19. 19. But There Are Many More!! •  Profiles in Warning mode •  Userids with no Password Interval •  Data transfer methods •  U@li@es (e.g. ISRDDN, TASID) •  RACF Class Facility •  RACF Class XFACILIT •  RACF Class SERVAUTH •  RACF Class JESINPUT •  RACF Class JESJOBS •  …
  20. 20. Monitoring and Aler@ng Systems •  Monitoring and Aler@ng is essen@al but does not always work. •  Monitoring processes: –  Not covering the essen@als –  Teams not skilled enough to iden@fy problems •  Aler@ng processes: –  Not covering the essen@als –  Not properly configured –  Can be compromised
  21. 21. Compromising the Aler@ng System •  Let’s use the example of IBM zSecure Alert… •  HLQ.C2POLICE.C2PCUST contains all the aler@ng code and configura@on sehngs •  Whoever has READ access to this dataset will be able to: –  Check the configura@on and the alerts –  Check for example to which email address the alerts are being sent and flood the email address with false posi@ves –  While problem is being iden@fied, the hacker has a window of opportunity to perform malicious ac@vi@es
  22. 22. Is This Enough?
  23. 23. “The hacker is going to look for the crack in the wall…” Kevin Mitnick in “The Art of Intrusion”
  24. 24. Once he finds it… It’s Play@me!
  25. 25. 7 Security Principles •  Know what are you trying to protect 1 •  Know the environment 2 •  Know your enemy 3 •  Know your weaknesses and strengths 4 •  Assess and plan 5 •  Define a strategy 6 •  Adapt and evolve or ‘die’ 7
  26. 26. The Mainframe is Part of Something The mainframe is part of an ecosystem: –  Servers –  Terminals –  Other mainframes –  Smart phones –  Tablets –  Routers –  Switches –  IoT devices –  Users (technical and non-technical) –  3rd par@es –  …
  27. 27. The 3 Main ‘Actors’ Hacker Techie User
  28. 28. 5 Stages of Hacking Cover Tracks Maintain Access Gain Access Scanning Reconnaissance
  29. 29. Strengths and Weaknesses •  Technological estate •  Processes & procedures •  Technical documents •  Access requirements •  Segrega@on of du@es •  Training and educa@on to staff and 3rd par@es •  Systems’ updates •  Process to keep systems up-to-date •  Team work •  Request help!
  30. 30. Assess, Plan and Define a Strategy
  31. 31. Adapt and Evolve •  Security is not a one @me @ck in a box process •  Security requires a daily effort and constant improvements •  You should consider performing regular: –  Penetra@on tests –  Security Audits –  Implementa@on of Security Improvement programmes –  Run vulnerability scannings •  Remember: Hackers have all the @me in the world and are constantly developing new ways of aoacking and compromising!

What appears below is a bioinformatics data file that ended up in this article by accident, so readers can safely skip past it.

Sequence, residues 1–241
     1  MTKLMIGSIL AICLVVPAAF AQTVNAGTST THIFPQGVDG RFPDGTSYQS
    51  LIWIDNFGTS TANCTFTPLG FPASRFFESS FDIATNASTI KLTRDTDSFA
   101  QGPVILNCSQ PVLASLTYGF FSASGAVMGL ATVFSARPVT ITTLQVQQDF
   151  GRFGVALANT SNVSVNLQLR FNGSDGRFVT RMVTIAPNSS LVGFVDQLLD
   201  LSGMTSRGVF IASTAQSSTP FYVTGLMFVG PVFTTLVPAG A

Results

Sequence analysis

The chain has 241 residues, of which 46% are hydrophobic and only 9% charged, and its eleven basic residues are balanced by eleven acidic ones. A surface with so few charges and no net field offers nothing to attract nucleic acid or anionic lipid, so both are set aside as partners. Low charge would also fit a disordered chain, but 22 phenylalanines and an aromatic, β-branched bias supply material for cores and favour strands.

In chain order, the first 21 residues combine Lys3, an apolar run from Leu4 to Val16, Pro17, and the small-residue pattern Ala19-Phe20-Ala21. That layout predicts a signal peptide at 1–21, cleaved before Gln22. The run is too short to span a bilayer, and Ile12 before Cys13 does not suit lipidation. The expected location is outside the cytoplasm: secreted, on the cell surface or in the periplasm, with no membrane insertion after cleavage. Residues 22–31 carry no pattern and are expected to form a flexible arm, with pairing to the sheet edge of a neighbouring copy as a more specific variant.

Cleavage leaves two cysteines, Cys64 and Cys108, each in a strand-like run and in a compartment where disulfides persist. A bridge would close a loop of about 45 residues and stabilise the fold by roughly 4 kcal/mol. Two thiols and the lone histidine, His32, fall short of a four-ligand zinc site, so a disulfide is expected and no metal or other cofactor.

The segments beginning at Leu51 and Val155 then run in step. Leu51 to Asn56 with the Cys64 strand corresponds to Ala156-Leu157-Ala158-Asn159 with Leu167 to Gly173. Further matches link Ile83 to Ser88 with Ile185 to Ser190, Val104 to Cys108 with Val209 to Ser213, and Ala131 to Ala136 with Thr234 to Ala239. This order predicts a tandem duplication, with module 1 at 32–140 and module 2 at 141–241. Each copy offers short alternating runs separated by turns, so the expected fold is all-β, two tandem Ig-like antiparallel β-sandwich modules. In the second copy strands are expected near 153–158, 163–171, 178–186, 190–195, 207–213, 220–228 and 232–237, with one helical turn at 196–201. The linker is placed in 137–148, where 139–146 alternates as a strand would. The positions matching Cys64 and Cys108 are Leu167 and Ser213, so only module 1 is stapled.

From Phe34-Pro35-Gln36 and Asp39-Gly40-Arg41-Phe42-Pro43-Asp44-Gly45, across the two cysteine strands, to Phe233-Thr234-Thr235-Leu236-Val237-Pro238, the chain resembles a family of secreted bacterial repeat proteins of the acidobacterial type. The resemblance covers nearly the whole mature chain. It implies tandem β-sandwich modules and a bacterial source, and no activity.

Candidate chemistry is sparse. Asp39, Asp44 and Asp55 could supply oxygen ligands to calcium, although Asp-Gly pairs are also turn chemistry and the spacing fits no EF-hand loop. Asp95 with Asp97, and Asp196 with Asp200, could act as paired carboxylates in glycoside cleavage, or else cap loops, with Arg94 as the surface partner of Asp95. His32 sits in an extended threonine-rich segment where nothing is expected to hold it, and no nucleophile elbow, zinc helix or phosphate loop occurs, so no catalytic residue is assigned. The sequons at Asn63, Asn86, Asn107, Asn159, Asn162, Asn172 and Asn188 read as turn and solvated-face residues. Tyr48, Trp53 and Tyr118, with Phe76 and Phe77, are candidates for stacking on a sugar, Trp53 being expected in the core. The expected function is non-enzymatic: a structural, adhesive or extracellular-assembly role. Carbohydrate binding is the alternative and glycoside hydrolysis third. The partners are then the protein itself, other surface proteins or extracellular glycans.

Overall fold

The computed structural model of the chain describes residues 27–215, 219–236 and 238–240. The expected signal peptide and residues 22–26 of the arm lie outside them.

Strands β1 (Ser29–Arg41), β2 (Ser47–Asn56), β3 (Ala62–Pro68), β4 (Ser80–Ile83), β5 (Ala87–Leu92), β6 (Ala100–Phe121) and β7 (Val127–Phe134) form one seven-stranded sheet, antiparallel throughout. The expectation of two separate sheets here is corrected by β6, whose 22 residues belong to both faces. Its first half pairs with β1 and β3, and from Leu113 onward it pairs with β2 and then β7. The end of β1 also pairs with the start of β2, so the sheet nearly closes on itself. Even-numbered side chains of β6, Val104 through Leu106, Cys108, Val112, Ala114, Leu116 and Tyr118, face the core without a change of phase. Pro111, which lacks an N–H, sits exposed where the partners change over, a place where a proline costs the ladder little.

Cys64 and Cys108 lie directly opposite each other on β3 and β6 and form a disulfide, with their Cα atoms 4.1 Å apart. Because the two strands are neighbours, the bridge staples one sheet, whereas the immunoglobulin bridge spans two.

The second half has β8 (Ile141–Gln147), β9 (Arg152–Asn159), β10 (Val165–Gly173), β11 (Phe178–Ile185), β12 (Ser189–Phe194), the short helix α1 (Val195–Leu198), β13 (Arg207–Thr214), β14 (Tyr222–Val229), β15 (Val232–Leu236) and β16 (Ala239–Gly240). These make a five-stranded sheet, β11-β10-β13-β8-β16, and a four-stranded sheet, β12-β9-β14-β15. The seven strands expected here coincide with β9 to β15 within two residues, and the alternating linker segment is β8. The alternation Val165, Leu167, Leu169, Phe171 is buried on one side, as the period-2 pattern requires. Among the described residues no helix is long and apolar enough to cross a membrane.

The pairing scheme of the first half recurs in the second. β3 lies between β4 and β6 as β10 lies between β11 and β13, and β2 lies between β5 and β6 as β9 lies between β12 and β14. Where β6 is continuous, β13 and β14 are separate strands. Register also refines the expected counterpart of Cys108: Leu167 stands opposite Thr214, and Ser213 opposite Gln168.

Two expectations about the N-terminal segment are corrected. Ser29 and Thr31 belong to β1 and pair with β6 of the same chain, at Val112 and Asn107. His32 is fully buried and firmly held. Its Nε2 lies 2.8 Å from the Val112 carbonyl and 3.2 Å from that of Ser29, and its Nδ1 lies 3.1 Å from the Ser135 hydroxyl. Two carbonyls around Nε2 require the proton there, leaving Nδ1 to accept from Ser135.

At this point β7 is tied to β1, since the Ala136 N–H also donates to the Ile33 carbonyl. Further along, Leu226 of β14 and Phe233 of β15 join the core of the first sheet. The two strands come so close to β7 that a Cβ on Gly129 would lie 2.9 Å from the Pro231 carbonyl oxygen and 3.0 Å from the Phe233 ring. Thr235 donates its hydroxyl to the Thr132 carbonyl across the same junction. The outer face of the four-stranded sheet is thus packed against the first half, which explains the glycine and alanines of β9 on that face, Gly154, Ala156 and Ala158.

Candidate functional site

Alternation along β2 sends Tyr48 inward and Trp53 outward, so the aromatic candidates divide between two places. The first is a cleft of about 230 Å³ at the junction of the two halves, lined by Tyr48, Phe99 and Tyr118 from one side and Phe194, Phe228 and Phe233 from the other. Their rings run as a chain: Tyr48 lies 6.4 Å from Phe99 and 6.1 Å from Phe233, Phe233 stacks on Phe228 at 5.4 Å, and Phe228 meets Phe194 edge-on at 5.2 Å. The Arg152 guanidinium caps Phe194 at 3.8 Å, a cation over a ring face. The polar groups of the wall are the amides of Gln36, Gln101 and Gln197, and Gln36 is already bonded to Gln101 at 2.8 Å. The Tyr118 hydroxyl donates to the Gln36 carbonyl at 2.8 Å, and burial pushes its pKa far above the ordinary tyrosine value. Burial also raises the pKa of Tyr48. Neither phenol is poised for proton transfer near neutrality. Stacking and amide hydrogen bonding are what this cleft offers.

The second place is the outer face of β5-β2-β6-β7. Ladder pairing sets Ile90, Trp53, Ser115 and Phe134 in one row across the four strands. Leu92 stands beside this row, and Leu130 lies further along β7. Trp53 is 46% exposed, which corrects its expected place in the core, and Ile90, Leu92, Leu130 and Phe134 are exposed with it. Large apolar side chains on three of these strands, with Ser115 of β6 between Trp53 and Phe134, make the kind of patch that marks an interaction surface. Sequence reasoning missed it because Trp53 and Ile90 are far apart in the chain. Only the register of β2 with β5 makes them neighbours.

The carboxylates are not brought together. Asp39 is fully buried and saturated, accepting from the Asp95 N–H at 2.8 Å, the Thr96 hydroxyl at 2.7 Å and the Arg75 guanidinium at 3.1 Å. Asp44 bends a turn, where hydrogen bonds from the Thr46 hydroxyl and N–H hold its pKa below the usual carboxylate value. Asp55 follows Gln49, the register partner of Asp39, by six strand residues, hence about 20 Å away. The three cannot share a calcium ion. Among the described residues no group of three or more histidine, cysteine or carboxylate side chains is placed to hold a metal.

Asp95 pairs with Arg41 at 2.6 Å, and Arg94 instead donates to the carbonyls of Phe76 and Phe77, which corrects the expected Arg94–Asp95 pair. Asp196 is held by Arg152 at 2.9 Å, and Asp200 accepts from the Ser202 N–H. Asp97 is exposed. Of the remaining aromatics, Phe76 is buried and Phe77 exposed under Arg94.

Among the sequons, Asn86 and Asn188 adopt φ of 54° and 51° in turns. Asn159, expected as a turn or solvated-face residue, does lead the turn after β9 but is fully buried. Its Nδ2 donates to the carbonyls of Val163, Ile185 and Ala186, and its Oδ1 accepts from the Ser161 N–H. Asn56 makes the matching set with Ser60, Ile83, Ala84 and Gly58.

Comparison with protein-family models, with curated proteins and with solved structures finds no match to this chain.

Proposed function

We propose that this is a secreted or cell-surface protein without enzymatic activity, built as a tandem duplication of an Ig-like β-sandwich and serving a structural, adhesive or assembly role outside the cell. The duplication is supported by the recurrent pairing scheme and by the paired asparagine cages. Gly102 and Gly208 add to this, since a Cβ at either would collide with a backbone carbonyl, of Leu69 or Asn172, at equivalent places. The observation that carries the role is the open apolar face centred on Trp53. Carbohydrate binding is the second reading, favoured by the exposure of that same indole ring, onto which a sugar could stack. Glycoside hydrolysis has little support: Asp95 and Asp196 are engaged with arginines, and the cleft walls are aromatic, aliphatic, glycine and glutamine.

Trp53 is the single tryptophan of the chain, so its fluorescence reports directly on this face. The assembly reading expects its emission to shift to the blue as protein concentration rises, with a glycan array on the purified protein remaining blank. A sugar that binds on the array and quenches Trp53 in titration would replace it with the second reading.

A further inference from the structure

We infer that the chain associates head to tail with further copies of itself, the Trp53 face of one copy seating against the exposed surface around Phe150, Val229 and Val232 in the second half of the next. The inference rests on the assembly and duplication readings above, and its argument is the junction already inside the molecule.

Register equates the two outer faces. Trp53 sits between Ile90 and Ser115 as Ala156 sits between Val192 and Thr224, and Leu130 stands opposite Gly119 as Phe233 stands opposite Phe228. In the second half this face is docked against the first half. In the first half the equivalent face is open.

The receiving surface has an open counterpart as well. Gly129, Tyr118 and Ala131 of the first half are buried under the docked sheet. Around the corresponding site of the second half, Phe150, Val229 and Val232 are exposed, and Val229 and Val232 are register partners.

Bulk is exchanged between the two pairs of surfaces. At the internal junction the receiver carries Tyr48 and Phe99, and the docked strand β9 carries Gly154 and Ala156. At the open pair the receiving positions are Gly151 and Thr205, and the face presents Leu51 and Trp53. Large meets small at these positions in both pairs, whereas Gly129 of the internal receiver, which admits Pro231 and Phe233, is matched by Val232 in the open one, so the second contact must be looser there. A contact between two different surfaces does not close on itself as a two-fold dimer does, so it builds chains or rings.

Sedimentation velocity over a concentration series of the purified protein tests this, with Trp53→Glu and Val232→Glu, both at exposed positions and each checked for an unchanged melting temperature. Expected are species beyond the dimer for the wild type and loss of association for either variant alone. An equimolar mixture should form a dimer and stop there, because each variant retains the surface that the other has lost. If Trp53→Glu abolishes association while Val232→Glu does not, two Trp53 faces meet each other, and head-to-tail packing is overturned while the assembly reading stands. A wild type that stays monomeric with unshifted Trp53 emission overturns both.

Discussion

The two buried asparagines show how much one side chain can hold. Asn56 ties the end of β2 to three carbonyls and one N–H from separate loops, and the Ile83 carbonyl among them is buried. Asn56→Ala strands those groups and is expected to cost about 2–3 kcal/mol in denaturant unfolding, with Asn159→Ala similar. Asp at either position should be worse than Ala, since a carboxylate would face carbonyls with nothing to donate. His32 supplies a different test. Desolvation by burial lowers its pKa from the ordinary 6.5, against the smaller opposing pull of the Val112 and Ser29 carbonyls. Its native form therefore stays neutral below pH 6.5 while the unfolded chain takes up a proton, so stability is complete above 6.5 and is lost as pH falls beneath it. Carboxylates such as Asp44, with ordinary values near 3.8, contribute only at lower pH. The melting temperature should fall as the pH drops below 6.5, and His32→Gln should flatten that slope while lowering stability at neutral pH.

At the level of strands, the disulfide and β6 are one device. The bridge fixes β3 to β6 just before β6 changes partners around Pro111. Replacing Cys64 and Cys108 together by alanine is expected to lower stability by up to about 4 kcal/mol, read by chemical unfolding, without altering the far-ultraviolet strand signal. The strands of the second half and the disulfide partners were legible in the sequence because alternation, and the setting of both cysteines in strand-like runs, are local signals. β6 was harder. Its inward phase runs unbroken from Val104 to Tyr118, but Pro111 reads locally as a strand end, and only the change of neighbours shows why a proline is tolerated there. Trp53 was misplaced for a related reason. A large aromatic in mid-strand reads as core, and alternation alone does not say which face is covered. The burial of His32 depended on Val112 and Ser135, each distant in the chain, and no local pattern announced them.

32. 32. Warning! The Human Factor
  33. 33. “Most advanced aoacks rely as much on exploi@ng human flaws as on exploi@ng system flaws.” An Hacker
  34. 34. Humans – The Inside Threat * Figure from the “IBM 2015 Cyber Security Intelligence Index” report
  35. 35. The Weakest Link Insider Associate Affiliate Dumbass
  36. 36. Conclusion
  37. 37. To Summarise… •  There’s a lot of work to be done to protect the mainframe, internally, and externally. •  Training and educa@on are essen@al! •  Need to keep up to date. •  Humans are the weakest link. •  Security MUST be taken seriously! * Dark Reading visitors responding to “What do you consider the greatest security threat to your organiza5on?”
  38. 38. References & Resources
  39. 39. Light Reading •  “IBM 2015 Cyber Security Intelligence Index”, IBM •  “2015 Threat Report”, Websense •  “2015 Cost of Cyber Crime Study: Global”, Ponemon Ins@tute •  “The Human Factor 2015”, Proofpoint •  “The Insider Threat: Detec@ng Indicators of Human Compromise”, Tripwire •  “White Hats, Black Hats. A Hacker Community is Emerging Around the Mainframe. What You Need to KNow…”, Mike Rogers @ Aoachmate.com •  “The Art of War”, Sun Tzu
  40. 40. Web Sites •  PC World: –  hop://www.pcworld.com/ar@cle/2034733/pirate-bay-cofounder-charged-with-hacking-ibm- mainframes-stealing-money.html •  The Register: –  hop://www.theregister.co.uk/2013/03/04/convicted_hacker_hack_into_prison/ •  Daily Mail: –  hop://www.dailymail.co.uk/news/ar@cle-2526726/Married-Barclays-boss-spent-stolen-2million-call- girls-Banker-accused-five-year-cash-the2.html
  41. 41. YouTube Videos •  Hacking Mainframes Vulnerabili@es in applica@ons exposed over TN3270, Dominic White: –  hops://www.youtube.com/watch?v=3HFiv7NvWrM&feature=youtu.be •  Mainframes Mopeds and Mischief A PenTesters Year in Review, Tyler Wrightson: –  hops://www.youtube.com/watch?v=S-9Uk706wuc •  Smashing the Mainframe for Fun and Prison Time, Philip Young: –  hops://www.youtube.com/watch?v=SjtyifWTqmc&feature=youtu.be •  Black Hat 2013 - Mainframes: The Past Will Come to Haunt You, Philip Young: –  hops://www.youtube.com/watch?v=uL65zWrofvk&feature=youtu.be
  42. 42. Ques@ons? Hands Up!!
  43. 43. Rui Miguel Feio, RSM Partners ruif@rsmpartners.com mobile: +44 (0) 7570 911459 linkedin: www.linkedin.com/in/rfeio www.rsmpartners.com Contact